Does Intergenerational Mobility Increase Corporate Profits?
James F. Albertus and
No 2019-081, Finance and Economics Discussion Series from Board of Governors of the Federal Reserve System (U.S.)
We find that firms located in areas with higher intergenerational mobility are more profitable. Building off the work of Chetty and Hendren (2018a and 2018b)?who provide measures of intergenerational mobility for all commuting zones (essentially, metropolitan areas) within the U.S.?we are the first to show the positive association between intergenerational mobility and corporate profitability. Our regressions compare firms in the same industry at the same point in time and fully control for time-varying state-level shocks. As such, our findings cannot be explained by either differences in industry composition across localities or by variation in state-level economic conditions; nor can our results be explained by differences in firm characteristics or by local economic conditions. Rather, we argue that our findings are best explained by intergenerational mobility influencing human capital formation. Areas with higher mobility do a better job in unlocking their residents? innate talents, which in turn is associated with improved performance by locally headquartered firms. In essence, our results uncover a positive link between greater equality of opportunity and increased corporate profitability.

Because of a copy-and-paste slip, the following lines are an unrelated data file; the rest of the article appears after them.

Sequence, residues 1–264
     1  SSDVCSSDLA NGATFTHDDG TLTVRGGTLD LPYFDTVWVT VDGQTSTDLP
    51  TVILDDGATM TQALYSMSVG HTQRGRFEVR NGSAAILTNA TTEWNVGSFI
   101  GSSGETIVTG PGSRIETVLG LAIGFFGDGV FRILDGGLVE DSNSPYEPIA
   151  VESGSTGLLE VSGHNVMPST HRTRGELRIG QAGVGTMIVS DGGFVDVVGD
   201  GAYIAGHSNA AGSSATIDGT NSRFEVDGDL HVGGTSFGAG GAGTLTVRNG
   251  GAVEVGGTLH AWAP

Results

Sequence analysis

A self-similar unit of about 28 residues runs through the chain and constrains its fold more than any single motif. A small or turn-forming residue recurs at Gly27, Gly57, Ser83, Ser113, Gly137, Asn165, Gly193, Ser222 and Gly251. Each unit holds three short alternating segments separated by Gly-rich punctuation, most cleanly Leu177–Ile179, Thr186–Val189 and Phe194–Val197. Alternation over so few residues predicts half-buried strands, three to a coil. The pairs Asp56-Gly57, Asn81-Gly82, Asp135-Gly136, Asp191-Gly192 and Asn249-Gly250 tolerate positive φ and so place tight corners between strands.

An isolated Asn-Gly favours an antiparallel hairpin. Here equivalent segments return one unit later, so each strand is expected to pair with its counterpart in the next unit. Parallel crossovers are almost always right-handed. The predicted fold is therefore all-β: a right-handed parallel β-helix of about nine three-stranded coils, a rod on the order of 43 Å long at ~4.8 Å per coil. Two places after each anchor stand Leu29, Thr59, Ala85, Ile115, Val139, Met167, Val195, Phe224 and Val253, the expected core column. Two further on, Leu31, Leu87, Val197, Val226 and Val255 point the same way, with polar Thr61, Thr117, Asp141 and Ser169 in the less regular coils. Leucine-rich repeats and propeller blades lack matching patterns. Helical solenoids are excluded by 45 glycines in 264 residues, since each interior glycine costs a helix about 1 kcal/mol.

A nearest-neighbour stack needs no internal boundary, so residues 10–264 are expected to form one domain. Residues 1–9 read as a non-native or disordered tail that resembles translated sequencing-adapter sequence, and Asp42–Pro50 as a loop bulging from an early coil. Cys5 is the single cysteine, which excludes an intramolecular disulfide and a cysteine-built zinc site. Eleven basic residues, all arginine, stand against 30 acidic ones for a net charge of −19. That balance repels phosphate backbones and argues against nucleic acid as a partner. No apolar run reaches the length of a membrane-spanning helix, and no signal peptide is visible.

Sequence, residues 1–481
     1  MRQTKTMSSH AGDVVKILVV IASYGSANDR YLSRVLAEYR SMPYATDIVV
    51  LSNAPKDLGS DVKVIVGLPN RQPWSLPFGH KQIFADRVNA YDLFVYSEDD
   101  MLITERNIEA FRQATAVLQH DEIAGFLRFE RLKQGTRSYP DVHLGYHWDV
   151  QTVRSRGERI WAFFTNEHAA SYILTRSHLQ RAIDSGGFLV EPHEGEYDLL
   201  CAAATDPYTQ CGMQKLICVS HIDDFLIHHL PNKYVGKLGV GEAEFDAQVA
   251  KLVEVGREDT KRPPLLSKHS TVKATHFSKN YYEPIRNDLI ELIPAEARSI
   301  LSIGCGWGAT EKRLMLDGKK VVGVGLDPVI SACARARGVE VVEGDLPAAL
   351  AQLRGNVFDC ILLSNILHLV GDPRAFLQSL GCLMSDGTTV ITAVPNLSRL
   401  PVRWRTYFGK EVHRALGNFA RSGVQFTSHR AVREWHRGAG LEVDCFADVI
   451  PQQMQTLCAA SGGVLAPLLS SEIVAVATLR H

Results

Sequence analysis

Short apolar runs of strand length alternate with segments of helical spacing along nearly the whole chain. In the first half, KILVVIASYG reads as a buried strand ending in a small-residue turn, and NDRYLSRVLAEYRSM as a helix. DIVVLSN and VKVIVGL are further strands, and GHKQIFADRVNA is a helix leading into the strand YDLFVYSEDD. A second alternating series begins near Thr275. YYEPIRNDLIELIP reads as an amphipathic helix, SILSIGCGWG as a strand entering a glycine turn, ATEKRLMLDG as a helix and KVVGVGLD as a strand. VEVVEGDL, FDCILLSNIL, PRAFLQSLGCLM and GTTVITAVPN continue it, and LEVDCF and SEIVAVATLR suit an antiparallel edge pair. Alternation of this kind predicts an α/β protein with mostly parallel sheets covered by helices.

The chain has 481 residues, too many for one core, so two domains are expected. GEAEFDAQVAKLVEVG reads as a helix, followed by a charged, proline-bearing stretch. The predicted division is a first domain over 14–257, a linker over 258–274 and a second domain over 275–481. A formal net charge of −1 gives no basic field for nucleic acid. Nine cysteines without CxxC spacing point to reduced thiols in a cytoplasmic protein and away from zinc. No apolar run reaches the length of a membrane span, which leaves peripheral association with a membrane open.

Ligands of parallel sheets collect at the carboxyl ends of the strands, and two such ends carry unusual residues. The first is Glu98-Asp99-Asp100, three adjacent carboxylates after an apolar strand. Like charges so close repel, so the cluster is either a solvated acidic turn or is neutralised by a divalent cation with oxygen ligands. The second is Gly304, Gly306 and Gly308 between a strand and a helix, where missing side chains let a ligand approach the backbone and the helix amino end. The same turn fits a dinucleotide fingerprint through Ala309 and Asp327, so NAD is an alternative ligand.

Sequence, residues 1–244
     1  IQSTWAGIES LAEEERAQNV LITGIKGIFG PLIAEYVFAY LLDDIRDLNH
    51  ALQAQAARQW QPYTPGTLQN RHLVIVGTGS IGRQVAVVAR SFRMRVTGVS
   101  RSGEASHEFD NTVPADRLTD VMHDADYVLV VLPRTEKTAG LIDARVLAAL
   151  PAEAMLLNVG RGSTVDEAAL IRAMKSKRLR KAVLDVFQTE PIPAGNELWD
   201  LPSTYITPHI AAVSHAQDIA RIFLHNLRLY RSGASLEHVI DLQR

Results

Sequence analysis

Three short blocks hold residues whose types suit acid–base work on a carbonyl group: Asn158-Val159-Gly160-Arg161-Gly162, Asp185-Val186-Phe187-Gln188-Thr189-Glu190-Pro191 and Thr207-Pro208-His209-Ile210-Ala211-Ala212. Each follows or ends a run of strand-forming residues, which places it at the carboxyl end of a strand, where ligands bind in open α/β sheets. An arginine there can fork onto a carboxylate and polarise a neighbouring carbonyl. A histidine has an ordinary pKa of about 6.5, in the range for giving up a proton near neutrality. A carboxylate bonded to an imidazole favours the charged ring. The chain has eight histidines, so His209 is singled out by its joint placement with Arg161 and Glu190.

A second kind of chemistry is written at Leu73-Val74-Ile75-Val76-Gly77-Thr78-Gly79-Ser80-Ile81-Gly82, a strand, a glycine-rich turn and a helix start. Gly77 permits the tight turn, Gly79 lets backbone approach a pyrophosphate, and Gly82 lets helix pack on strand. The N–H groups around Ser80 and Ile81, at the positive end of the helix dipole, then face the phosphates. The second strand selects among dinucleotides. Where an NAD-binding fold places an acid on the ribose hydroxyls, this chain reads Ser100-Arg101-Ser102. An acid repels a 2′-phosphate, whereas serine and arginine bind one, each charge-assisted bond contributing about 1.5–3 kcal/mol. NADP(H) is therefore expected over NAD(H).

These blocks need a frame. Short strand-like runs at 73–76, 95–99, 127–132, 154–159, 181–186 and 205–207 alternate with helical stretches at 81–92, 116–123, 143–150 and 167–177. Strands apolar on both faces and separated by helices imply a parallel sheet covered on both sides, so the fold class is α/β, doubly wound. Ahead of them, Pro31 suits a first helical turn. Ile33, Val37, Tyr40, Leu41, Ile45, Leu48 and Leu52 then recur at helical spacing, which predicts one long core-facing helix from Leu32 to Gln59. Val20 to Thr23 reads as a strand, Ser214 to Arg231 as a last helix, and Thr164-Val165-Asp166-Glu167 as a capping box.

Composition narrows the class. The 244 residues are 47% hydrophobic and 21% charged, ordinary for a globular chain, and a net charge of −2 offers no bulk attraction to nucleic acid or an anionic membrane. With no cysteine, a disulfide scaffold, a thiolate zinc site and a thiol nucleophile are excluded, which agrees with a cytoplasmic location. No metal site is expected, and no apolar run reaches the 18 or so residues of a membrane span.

Keywords: Intergenerational mobility; Corporate profitability; Human capital (search for similar items in EconPapers)
JEL-codes: G30 G32 J24 J62 R10 (search for similar items in EconPapers)
Pages: 38 pages
New Economics Papers: this item is included in nep-bec, nep-cfn, nep-hrm and nep-lma
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Persistent link: https://EconPapers.repec.org/RePEc:fip:fedgfe:2019-81
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